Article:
Friday, June 28, 2013

Confessions of a faux-tog

It all started with a small starter camera. Actually. Back up a bit. It all started during my wedding planning process when I joined a wedding planning forum and found a bride on there who's photos I fell in love with. Whatever that is, I must do, I thought to myself. A series of events went down. We had just got married. Bought a house. I left my 10 year job in Toronto and started over in a small town. I went through a gruelling 2 years at an office where the staff were being abused. My aunt passed away. Everything was closing in on me. I hated my life at work. I resented some of my family. I knew nobody in our new neighbourhood. Marriage was new. I couldn't stop crying. And then I took hold of my life. I went to see a Doctor who helped me understand that everyone has different coping mechanisms and that she wasn't sure if it was the events of my life that were making me lose a grip, or if I just wasn't properly equipped to handle them. So I started to take a mild anti anxiety pill. And just like that, after trying everything natural for what seemed like a lifetime, the clouds parted and the sun started to warmly trickle in. The anxiety lifted. The distracting thoughts and paranoia that everyone was talking about me and that I wasn't good enough subsided. And just like that on a lunch break, I called my husband to let him know I left work. For lunch? he asked. No. For good.

I had no plan in sight but everyone called me brave. I couldn't figure out why and then I realized. Oh yah. It's because I just bought a $350,000 home and now we have one income. Michael was so supportive. He said whatever happened that we would manage. Together. I bought my first DSLR camera. Like everything I do in life, I dove in head first and expected immediate gratification. Three years later and present day, I would shake my head at what an absolute amateur I was. But you have to start somewhere don't you?

I asked my muse, the bride from the forum for any help I could. She taught me so much. She never laughed at me when I would blatanly copy her ideas. Even today, you can tell that my style is influenced by her. Natalie Spencer rocks.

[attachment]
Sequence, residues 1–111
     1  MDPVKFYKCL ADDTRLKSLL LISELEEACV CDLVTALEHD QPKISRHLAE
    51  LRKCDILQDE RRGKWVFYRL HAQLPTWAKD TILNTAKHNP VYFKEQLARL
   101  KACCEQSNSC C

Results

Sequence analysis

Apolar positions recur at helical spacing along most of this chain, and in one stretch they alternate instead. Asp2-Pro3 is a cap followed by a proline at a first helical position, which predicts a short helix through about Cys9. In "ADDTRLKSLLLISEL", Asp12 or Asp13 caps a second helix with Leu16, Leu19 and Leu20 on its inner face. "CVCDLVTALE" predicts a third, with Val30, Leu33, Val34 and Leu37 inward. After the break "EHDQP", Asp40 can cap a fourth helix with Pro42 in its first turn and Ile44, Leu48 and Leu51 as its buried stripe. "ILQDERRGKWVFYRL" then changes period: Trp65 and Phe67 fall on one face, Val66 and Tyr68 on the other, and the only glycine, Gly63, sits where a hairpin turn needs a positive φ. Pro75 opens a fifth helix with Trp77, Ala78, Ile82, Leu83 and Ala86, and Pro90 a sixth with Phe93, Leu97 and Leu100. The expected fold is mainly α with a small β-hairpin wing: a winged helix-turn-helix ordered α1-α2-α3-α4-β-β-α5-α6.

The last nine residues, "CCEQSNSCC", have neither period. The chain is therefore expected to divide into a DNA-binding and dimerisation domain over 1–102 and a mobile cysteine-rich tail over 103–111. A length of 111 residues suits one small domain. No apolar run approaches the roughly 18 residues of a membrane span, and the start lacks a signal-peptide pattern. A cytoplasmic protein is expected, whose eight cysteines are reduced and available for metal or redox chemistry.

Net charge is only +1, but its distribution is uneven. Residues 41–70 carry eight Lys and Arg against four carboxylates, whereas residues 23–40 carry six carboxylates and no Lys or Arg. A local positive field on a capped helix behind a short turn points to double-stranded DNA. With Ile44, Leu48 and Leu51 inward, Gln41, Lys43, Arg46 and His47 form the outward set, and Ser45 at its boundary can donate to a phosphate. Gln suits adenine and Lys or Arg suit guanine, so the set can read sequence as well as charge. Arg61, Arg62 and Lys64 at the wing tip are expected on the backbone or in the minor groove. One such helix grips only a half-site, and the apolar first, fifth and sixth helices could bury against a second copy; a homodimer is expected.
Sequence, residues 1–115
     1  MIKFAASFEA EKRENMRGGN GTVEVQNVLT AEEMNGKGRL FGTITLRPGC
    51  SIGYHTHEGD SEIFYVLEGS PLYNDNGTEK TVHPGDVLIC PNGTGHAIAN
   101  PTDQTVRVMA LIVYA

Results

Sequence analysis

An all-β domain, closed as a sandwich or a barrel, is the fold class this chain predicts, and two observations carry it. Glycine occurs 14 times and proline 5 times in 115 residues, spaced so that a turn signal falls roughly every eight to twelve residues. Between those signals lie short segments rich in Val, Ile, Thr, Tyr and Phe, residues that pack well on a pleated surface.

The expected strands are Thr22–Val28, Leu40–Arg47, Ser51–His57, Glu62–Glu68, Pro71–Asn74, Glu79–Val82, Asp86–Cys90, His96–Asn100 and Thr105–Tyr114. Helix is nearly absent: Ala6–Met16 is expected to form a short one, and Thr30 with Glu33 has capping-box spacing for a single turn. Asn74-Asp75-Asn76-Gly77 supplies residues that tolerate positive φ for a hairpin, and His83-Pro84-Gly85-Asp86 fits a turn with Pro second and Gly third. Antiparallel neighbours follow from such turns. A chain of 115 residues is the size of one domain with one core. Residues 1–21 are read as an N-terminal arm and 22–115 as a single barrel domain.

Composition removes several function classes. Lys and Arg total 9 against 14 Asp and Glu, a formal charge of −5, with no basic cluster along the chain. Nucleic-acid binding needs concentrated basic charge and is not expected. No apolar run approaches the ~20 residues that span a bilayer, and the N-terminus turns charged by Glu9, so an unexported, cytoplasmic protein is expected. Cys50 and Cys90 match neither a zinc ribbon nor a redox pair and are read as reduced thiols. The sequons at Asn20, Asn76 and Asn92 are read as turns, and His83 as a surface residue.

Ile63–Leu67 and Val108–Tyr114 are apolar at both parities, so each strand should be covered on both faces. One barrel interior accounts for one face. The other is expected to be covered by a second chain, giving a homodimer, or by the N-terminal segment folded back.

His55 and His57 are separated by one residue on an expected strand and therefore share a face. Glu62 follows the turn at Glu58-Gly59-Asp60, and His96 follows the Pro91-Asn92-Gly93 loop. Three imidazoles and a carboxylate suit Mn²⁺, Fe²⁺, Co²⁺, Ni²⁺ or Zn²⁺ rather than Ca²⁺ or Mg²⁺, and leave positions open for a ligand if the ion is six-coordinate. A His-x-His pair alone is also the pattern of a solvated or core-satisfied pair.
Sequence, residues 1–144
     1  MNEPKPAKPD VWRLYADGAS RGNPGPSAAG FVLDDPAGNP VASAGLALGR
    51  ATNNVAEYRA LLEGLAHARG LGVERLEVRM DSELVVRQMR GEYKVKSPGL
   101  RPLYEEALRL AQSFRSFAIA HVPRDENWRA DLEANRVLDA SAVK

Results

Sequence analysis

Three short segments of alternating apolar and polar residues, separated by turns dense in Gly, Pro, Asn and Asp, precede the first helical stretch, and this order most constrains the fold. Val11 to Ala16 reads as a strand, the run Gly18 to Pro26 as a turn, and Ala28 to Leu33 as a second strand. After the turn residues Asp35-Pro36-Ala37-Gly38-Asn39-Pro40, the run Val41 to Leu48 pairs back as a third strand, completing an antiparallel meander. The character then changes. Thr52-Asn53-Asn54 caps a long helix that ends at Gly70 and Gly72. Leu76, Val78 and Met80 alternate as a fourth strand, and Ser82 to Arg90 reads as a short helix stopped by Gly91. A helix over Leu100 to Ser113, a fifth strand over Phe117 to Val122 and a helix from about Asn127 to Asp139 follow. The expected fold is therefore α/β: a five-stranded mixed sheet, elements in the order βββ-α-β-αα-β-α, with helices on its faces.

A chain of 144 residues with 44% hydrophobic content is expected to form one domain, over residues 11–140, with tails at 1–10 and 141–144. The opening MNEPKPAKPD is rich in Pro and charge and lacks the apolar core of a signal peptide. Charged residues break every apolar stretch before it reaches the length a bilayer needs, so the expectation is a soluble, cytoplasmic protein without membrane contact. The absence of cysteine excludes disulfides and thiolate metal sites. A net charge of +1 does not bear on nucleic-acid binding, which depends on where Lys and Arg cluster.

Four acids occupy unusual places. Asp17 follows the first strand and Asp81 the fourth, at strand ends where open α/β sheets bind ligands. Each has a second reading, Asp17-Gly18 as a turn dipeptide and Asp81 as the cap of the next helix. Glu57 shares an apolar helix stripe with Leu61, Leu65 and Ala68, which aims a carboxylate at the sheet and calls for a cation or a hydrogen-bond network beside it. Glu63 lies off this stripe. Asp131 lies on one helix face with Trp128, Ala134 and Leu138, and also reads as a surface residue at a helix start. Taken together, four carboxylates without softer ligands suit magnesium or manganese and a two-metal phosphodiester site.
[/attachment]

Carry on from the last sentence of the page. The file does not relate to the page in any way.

I read my manual about forty times. I took photos of everything in my house and on my street until I got bored. I came up with some "creative projects" like hanging all my dresses in the forest and pretending I was Cinderella trapped in my basement, or the time when I staged a tea party for two, but he didn't show up.

I met some girls on the street. One who loved the camera and one who did not. I took some photos of them and discovered the tilt of the camera.

I did a photoshoot with my cousin and got my very first payment for a gig; a tripod.

Michael got sick of taking photos so he bought me a self timer and then the selfies began. I joined Flick'r and became inspired by some of the most challenging types of portraits; the self portrait.

I discovered bokeh and texture. And overdid them on every photo. 

I thought I was good enough to put my logo on every single photo I took. Like anybody was going to steal my photos of household items such as gloves. 

Or my diptychs and triptychs. 

I had someone ask to buy a print of a photo of mine. 

I practiced taking ring photographs with my own and lost my engagement ring in the snowy forest (hours of searching, I later found it.)

I watched Youtube videos of how to do tricks like levitate. And added fake sun flare in my bedroom. I subconsciously started copying Natalie Spencer's ideas.

My wedding planner Mary, started taking notice of my photos and writing. I had already started a successful blog but began to accompany the narrative with the visual. She suggested I do something with my talent. Like what, I wondered. She loved this photo of mine. And organized a shoot where five photographers shot her trash the dress session. 

On my first year wedding anniversary, sick as a dog in freezing cold January, I said yes to two unpaid events that, although would be cold and free, would give me more experience. I drove to Niagara Falls and accompanied Jesse James Photography on my first styled shoot with a model. He let me try his off camera flash. I think the model got hypothermia.

I asked Natalie how she got that washed out look on her photos. I read somewhere that if you put vaseline or nylons over your lens, that would do the trick. I didn't even know what terms to search. So I tried that.